This week is Self-Care Week – a UK-wide initiative which focuses on support for self-care in all parts of the community. The concept of self-care relates to both mental and physical wellbeing and is something which people who are living with dementia can often find difficult to keep on top of.
In this blog, we look at two mental health conditions - depression and anxiety - and we explore the ways in which they can present themselves, especially for people who have a dementia diagnosis.
Anxiety and Dementia
Anxiety is a symptom of a range of mental health disorders which can appear in the early stages of dementia. General symptoms of anxiety include the feeling of fear, unease or being out of control. It can also come with physical symptoms, such as sweating, muscle tension, palpitations, high blood pressure, nausea and headaches.
For people living with dementia, they may also experience the following symptoms of anxiety:
Restless behaviours like pacing, doing the same thing over and over or not staying still
Irritability and agitation
Following a carer or partner around and not wanting to be alone
The need for constant reassurance
Anxiety can also have varying levels of severity. If someone is experiencing mild anxiety, for example, it may be able to be alleviated with reassurance, ensuring all needs are met, or healthy changes to the diet such as the reduction of caffeine and alcohol. If a specific fear can be identified, for example the fear of falling, then home adaptations can be made to help improve the environment.
When someone living with dementia experiences a moderate level of anxiety then there is a range of therapies which might help. For example:
Behavioural therapies (eg CBT)
Complementary or alternative therapies
For people who are more seriously affected by anxiety then anti-anxiety medications can be prescribed by the GP or a psychotherapist, dependant on what other medications the person already takes. Sometimes anti-psychotics such as Risperidone, Haloperidol or Olanzapine can be prescribed which act as a mild sedative and can calm anxiety and agitation, however these are not recommended for certain types of dementia or for long-term use.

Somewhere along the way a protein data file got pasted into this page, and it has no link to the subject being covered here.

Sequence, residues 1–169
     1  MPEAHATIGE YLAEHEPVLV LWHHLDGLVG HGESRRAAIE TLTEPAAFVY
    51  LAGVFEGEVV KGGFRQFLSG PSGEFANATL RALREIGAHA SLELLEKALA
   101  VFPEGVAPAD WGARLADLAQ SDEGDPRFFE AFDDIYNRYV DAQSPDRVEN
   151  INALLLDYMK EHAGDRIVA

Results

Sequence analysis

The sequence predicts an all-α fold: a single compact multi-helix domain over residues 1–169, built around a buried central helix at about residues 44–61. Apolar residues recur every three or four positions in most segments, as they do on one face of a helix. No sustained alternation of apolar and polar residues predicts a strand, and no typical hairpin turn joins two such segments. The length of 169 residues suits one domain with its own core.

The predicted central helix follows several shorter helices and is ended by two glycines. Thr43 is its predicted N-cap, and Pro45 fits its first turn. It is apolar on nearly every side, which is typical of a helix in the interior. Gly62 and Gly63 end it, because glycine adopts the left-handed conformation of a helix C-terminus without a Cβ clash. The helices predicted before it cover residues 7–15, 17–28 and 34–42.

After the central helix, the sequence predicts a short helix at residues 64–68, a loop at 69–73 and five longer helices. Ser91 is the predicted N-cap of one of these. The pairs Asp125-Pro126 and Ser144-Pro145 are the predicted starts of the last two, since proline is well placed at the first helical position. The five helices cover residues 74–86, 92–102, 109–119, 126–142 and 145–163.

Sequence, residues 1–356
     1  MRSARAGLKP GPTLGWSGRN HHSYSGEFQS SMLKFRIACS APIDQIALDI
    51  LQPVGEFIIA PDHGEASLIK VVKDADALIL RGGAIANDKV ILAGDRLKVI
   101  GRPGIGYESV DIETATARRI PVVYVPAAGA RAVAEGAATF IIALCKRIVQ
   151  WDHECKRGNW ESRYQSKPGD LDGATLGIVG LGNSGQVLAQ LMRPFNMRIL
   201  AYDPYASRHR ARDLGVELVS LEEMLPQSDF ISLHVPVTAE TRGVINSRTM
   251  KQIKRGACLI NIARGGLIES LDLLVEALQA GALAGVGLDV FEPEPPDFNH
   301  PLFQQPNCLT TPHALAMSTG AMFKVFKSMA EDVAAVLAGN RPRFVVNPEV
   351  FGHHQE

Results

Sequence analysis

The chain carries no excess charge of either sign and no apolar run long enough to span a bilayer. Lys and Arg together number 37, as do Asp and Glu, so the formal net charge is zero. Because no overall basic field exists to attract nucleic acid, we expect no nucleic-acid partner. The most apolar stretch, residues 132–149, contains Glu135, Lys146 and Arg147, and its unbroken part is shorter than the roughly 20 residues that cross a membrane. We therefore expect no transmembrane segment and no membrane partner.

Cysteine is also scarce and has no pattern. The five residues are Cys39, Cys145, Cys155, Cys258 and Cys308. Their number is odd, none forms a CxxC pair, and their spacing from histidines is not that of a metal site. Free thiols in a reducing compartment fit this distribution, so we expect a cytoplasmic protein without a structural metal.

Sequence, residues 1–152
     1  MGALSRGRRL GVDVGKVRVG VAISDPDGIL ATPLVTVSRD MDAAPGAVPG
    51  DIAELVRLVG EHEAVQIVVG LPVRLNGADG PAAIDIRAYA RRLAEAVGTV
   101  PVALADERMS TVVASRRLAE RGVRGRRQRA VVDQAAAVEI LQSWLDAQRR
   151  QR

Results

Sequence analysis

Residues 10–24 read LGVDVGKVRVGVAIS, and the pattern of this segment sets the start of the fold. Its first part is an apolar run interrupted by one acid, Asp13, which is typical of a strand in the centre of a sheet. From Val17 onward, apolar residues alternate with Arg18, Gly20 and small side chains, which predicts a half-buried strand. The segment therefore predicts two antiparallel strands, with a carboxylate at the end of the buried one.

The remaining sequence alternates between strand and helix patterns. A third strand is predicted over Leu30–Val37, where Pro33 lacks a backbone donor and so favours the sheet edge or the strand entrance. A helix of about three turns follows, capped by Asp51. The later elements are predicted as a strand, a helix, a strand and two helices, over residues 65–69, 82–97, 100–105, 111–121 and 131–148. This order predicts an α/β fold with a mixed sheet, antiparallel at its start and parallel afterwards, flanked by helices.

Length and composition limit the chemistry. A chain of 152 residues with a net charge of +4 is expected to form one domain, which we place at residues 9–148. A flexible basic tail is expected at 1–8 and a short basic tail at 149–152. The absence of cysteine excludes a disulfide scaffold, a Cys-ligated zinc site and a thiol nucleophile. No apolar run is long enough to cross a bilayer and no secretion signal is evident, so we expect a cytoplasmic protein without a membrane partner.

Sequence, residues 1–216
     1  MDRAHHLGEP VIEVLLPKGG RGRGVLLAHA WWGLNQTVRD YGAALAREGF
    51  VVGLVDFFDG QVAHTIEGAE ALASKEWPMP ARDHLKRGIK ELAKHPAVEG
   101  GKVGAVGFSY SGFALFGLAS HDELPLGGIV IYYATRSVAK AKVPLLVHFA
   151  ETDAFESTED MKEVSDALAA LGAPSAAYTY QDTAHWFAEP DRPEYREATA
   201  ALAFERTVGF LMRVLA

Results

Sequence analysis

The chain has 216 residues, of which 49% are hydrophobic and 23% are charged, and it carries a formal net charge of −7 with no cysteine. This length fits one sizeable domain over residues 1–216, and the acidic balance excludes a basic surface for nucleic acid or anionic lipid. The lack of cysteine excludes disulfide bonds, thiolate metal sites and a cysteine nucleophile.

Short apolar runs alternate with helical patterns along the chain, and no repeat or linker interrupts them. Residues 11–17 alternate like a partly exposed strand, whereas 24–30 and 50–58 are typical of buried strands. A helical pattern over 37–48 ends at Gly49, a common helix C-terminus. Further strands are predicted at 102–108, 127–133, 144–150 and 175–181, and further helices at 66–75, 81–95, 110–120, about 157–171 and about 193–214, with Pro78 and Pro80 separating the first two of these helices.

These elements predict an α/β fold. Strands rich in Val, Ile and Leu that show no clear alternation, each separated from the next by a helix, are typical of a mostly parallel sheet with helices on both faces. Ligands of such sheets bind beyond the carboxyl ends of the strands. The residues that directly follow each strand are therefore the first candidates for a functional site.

Anxiety is more common in Vascular Dementia or Frontotemporal Dementia (FTD), rather than in Alzheimer’s. Anxiety can worsen some dementia symptoms, for example; attention, planning capabilities, organisational skills and decision making. The greatest trigger for this is unexpected changes to environment or routines. Additionally, anxiety can be aggravated by factors such as a lack of stimulation and physical activity, isolation and loneliness.
Depression and Dementia
Depression is diagnosed when feelings of being in a low mood, desolate or helpless persist for a long time. Like anxiety, depression can affect sleep patterns, appetite, behaviour and can cause poor concentration and a loss of interest in activities which normally would have been enjoyed. In addition to a person becoming withdrawn, depression can lead to frequent bouts of tearfulness and even suicidal thoughts or episodes of self-harm.
Identifying anxiety and depression in a person is important because it can allow them to get the help and support that they need when they may not have realised that there was a problem themself.
What To Do If You Are Worried That A Loved is depressed.
If you believe that someone may have depression, then it is vital that you encourage them to consult a GP. Medication can be prescribed to help alleviate some of the effects of depression.
In addition, you can help them to practice self-care by taking regular gentle exercise, getting outside as much as possible, staying hydrated, eating well trying complementary therapies, such as massage and engaging in conversations and social interaction with others.
If you need help or advice on how to care for someone living with dementia who is experiencing the effects of dementia or anxiety, then speak to a member of our Wayfinding team today for support.